Let me start off by Complaining

I subscribe to a weekly newsletter of twitter pitch calls. Most opportunities listed are beyond my experience, but every so often, I find a gem. This happened last week, though technically not a pitch call as it required a 1,000 word personal essay-think community blog. To qualify, I had to be a parent (check) and a person with one or more disabilities (check check check check..). I clicked the links, found the blogs, and began to read. 

There is no nice way to put this so here it is: boring.                

They. Were. So. Boring. If I need a running commentary on what a person does during their day while managing kids and/or disabilities, I will actually read my friends’ actual facebook posts. I want to know how it feels doing all the things they each so dryly describe. I want to forget I am reading a blog post, but each was predictable. Surely, I could write a better essay than “Listacle Larry” and the Pollyanna of Grandmothers? 

They.Were.

So. Boring.

You only have to read one more; well, you only have to start it anyways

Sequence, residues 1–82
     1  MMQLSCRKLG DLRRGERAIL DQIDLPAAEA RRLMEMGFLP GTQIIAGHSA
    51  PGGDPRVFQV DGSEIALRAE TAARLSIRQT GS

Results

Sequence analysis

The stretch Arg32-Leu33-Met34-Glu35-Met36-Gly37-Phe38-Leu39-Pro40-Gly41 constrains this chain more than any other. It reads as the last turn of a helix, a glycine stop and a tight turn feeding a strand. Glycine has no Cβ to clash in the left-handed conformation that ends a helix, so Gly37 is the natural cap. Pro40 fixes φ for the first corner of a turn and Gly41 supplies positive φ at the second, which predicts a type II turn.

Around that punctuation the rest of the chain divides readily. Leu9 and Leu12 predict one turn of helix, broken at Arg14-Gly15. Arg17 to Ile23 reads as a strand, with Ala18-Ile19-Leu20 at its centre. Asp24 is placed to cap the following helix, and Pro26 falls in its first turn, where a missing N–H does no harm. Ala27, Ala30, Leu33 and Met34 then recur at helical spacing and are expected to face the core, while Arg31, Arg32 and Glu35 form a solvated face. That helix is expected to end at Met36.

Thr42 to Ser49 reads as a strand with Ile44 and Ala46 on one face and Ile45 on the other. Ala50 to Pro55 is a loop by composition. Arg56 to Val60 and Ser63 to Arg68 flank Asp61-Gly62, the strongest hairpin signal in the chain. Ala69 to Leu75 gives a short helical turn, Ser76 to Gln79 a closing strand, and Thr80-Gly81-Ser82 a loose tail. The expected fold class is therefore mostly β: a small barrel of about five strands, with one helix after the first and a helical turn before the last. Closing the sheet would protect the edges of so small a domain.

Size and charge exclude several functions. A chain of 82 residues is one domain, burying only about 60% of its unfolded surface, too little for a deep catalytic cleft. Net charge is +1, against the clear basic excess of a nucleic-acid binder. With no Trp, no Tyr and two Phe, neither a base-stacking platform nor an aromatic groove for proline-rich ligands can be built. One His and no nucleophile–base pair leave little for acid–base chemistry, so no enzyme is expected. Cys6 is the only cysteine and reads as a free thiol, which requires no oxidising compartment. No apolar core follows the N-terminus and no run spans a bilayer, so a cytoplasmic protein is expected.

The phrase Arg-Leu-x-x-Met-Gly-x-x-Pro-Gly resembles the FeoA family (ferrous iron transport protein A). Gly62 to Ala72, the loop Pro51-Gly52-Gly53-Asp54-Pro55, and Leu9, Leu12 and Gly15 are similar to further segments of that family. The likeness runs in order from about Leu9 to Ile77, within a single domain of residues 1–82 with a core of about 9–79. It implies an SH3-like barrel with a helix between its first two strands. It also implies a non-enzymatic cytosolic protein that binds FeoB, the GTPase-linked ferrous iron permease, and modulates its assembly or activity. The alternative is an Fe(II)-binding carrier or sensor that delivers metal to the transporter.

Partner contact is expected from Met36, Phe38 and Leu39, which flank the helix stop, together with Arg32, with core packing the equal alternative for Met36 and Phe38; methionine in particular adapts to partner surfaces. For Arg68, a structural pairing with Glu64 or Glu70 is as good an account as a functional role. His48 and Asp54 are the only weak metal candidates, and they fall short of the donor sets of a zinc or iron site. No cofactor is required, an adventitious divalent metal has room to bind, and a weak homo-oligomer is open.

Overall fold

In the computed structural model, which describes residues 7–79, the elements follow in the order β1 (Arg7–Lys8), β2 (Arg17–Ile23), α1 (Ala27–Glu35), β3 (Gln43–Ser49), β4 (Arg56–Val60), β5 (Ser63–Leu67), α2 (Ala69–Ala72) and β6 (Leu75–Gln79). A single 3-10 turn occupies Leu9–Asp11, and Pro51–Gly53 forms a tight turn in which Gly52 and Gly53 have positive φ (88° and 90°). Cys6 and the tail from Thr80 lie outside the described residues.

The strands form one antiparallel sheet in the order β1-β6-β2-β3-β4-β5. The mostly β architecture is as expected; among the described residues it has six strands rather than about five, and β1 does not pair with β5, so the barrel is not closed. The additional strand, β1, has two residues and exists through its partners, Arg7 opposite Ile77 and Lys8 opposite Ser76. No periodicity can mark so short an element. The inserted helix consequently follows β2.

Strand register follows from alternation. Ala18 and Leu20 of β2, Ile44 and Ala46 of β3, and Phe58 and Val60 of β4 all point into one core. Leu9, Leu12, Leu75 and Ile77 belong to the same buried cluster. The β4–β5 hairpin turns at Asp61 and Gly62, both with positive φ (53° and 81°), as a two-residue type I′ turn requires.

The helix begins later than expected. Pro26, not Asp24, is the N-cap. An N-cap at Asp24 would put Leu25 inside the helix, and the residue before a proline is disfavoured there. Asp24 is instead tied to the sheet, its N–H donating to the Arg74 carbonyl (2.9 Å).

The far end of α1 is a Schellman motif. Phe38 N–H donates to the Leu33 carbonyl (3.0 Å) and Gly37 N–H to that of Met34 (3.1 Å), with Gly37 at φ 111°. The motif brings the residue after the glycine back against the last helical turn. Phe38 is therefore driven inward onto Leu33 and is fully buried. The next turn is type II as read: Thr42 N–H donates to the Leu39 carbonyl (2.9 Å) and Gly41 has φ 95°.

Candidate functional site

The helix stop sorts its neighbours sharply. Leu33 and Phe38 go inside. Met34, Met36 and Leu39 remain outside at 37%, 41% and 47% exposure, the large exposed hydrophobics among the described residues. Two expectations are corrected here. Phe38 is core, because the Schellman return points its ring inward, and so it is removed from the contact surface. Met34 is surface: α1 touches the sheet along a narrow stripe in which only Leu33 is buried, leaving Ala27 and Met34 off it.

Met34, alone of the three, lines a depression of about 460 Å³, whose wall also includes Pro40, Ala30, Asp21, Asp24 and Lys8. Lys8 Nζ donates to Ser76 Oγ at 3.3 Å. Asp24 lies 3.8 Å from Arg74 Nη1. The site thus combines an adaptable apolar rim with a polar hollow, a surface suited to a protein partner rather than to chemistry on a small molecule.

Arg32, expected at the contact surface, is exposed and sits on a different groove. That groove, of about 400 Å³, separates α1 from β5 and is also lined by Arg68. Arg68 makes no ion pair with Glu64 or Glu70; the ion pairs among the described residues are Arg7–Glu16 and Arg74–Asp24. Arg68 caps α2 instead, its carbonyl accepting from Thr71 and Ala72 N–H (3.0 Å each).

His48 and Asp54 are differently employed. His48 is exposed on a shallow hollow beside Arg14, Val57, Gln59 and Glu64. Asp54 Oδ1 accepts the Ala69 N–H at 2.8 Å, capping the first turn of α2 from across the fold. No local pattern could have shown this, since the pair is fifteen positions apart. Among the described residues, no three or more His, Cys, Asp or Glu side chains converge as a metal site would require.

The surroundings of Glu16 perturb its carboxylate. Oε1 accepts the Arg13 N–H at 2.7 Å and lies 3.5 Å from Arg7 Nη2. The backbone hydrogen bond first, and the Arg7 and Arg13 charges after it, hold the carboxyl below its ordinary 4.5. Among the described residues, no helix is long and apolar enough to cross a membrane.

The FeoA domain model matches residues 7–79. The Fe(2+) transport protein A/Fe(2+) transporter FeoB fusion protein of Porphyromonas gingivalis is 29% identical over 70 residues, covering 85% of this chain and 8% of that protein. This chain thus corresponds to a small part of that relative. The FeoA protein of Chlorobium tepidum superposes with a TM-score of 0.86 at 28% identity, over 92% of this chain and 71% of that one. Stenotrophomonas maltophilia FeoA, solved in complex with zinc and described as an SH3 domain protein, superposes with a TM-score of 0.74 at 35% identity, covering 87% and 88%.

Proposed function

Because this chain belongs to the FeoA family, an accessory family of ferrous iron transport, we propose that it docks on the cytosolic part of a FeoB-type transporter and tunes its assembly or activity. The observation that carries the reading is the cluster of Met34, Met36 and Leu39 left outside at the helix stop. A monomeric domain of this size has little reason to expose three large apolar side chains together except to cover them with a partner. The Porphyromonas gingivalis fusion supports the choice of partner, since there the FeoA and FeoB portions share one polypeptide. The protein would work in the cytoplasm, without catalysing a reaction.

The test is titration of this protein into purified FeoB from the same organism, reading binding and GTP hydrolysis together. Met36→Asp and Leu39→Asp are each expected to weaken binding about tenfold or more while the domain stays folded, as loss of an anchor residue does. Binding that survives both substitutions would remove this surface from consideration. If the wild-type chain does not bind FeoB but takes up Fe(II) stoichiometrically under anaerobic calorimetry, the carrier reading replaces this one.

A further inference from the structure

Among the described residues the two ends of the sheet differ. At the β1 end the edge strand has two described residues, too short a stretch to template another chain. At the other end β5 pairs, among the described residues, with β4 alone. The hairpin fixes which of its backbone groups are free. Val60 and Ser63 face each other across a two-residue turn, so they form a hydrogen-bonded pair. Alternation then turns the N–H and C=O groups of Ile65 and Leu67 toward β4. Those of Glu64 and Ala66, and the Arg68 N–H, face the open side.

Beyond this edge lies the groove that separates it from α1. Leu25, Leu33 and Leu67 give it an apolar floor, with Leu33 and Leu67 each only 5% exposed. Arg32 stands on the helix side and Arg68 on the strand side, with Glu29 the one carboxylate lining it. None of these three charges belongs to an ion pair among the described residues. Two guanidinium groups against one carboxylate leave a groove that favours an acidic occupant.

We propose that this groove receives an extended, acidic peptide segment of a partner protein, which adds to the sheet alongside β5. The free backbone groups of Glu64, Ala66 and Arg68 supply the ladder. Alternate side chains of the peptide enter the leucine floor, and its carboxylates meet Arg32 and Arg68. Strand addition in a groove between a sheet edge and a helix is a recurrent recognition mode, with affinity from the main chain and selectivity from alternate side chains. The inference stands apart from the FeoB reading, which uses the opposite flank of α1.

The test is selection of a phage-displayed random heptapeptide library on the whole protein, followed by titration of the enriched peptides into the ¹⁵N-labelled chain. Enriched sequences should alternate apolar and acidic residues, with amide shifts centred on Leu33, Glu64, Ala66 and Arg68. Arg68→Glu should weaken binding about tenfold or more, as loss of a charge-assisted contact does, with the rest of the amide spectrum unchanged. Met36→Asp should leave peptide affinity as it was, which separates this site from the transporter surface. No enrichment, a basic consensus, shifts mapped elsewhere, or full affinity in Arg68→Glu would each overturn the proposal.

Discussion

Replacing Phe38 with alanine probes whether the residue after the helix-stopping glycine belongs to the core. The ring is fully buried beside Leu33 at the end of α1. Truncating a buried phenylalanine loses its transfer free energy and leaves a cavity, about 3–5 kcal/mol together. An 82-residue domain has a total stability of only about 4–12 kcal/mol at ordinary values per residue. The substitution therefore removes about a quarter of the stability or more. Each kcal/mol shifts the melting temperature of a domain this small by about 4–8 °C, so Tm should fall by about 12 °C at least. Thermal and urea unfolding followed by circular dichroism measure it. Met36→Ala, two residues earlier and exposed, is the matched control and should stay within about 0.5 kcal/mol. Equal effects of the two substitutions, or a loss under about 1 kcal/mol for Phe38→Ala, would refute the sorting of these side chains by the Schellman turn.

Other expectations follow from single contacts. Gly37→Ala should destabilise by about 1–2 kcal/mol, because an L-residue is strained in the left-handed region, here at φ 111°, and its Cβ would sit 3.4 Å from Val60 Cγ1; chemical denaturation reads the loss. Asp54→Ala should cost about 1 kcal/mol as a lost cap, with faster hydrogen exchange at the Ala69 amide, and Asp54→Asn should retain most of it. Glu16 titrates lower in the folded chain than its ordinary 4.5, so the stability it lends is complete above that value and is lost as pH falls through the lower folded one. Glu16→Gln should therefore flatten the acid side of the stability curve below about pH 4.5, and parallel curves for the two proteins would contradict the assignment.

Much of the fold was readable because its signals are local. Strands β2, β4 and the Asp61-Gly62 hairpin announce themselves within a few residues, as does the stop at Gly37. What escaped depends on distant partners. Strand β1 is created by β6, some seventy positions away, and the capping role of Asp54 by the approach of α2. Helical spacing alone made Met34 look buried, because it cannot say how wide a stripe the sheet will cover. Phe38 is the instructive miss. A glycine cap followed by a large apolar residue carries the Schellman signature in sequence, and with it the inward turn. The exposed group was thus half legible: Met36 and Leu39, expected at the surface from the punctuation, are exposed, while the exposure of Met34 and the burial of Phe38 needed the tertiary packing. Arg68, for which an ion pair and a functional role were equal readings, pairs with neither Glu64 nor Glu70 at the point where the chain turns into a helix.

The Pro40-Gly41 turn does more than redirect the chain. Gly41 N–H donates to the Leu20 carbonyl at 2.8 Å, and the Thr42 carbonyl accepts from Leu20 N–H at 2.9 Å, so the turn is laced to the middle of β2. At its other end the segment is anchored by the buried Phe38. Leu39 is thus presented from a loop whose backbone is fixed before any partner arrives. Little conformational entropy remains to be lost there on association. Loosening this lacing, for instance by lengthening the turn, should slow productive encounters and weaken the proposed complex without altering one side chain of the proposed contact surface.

Sigh. And so I clicked the next title. My eyes kept darting ahead, anticipating the inevitable, no, the unintended drop, but it never came. It was, in fact, the most intentioned piece I’ve read lately and I read every single word.

My work is so precious

I cannot let it go.

I emailed my submission with mere seconds left on the clock. It’s absurd and stupid to do this because it is basically telegraphing, “my work is so precious, I cannot let it go”. In my defense, I found the opportunity late, have a five year old, and duh, disabled. I’m not sure I would have worked and reworked and made my submission though, without reading David Peydre’s piece (start here). 

I miss writing. I miss late night spelunking inside myself, looking for the exact phrasing and rhythm, refusing the trope of rhetoric Anaphora (more on this later). I want my readers to feel, and I want to take them there. 

“Now, when you’re disabled, you are taught repeatedly that you’re a burden. You’re made ashamed of needing things, of needing help. My wife and I call it ‘the shame of existing’.” David Peydre 

“The shame of existing”-now that is palpable.

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